The Full Court of the Federal Court of Australia has recently reconfirmed that a person paid and deemed a casual employee under their employment contract can be considered a full-time employee and be entitled to the various benefits of a full-time employee under the National Employment Standards.
What were the facts?
Mr Rossato had worked for Workpac between July 2014 and April 2018, entering into six consecutive contracts of employments which provided that he was a casual employee. While an employee of Workpac Mr Rossato:-
- Worked all of his rostered shifts (except when the mine was shut down over Christmas and other limited occasions);
- Worked a roster of 7 days on / 7 days off; and
- Was provided with a shift roster that was set some 7 months in advance of the date that it was provided.
Following the decision of Workpac v Skene, Mr Rossato argued he was not a casual worker and was therefore entitled to claim his outstanding entitlements of annual leave, paid personal/carer’s leave, paid compassionate leave and public holiday pay entitlements.
Workpac applied to the Court for declarations stating that Mr Rossato was a casual employee pursuant to his contract of employment, the Workpac Enterprise Agreement, at common law and for the purposes of the Fair Work Act.
They also ran two alternative arguments before the Court, namely:-
- They were entitled to restitution (recovery) of the casual loading which they claimed was included in the hourly rate they had paid to Mr Rossato. They sought that restitution on the basis of mistake and/or partial failure of consideration; and
- Under the false belief that Mr Rossato was a casual, they were entitled to set off the amounts of overpayment paid to Mr Rossato against any entitlements which Mr Rossato may be found to be entitled to.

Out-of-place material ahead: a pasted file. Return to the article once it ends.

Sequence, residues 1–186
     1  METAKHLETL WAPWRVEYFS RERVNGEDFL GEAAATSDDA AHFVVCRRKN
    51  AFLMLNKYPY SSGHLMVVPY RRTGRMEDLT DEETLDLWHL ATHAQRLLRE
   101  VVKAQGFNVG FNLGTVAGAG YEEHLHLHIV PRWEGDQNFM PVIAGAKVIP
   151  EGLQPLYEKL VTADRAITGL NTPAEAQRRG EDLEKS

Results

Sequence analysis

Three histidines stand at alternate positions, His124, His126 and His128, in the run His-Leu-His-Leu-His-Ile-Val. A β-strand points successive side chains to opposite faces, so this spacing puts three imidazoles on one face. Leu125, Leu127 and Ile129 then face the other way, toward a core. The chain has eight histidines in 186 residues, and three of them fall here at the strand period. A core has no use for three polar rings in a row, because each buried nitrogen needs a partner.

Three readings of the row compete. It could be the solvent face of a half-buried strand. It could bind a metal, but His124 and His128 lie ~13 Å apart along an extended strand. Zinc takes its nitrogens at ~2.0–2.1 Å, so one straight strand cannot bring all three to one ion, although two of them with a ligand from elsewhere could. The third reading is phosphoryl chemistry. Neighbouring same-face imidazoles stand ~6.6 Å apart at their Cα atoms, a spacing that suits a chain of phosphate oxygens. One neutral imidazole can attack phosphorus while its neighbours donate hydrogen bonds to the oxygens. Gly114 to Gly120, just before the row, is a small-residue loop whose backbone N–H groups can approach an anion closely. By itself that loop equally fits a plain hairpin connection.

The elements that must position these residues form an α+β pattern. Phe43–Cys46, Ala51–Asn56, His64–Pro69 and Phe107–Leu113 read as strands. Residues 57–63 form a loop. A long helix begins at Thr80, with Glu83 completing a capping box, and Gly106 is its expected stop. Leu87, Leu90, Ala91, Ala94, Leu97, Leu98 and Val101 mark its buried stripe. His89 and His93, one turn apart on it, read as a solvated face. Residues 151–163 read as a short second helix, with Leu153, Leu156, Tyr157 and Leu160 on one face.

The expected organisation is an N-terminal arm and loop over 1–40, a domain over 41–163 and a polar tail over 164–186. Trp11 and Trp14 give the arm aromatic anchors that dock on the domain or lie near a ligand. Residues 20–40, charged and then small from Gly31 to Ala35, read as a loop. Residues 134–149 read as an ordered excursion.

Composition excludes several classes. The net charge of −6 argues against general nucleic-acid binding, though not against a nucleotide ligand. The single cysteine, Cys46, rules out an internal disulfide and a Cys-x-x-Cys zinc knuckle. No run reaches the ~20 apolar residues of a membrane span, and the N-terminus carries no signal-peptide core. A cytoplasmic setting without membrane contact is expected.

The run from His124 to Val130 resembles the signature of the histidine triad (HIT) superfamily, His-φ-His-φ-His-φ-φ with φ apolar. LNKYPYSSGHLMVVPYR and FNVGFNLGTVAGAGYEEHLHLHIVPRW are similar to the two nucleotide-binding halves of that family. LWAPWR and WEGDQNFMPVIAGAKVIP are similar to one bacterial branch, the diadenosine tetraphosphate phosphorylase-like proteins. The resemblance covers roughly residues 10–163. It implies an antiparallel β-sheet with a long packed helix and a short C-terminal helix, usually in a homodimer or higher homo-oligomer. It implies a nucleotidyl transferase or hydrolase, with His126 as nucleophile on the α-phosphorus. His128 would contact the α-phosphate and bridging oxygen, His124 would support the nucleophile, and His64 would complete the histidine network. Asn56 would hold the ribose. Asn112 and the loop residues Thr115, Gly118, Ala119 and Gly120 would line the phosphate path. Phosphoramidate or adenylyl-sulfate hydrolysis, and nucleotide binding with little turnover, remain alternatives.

What did the Court decide?
The Court found that Mr Rossato was a permanent employee and not a casual employee.
In coming to this Decision, the Federal Court relied on the following facts:
- Mr Rossato was employed for an indefinite duration;
- His employment was ‘stable, regular and predictable’; and
- The circumstances of Mr Rossato’s employment could not be significantly distinguished from those in WorkPac v Skene.
What was the decision on the alternative arguments put forward by Workpac?
All members of the Court also rejected Workpac’s alternative arguments.
The court determined that there was no mistake, Mr Rossato had been paid his hourly rate and restitution for the casual loading was not payable. Further WorkPac did not establish an identifiable severable portion of its payments which could found a claim for restitution.
With respect to the argument that they were entitled to set off the overpayments paid to Mr Rossato, the Court determined that the particular National Employment Standards entitlements related to the taking of leave which meant the entitlement could not be satisfied by substituting the taking of leave with a payment.
What about the Government Regulations that were brought in to stop double dipping?
Workpac also claimed that they had made the payments to Mr Rossato under regulation 2.03A of the Fair Work Regulations 2009 (Cth). This was brought in following the Workpac v Skene decision in an attempt to stop casuals “double dipping” by being paid a casual loading and also claiming entitlements under the NES.
The Court found that the regulations did not apply because Mr Rossato was not making a claim to be paid an amount “in lieu of” one or more of the relevant NES entitlements and rather wanted payment of entitlements conferred by the NES
What does this mean for employers?
If this decision isn’t appealed, the Government may step in and amend the legislation. Until this happens this decision remains the current authority and employers face considerable uncertainty.
Employers need to review how they are employing their workers and carefully consider whether casual workers are the most effective engagement for their business or if they need to be moved to part-time or full-time employment.
If you employ workers on a casual basis and require advice or assistance in managing their engagement, then please contact our office to arrange an appointment.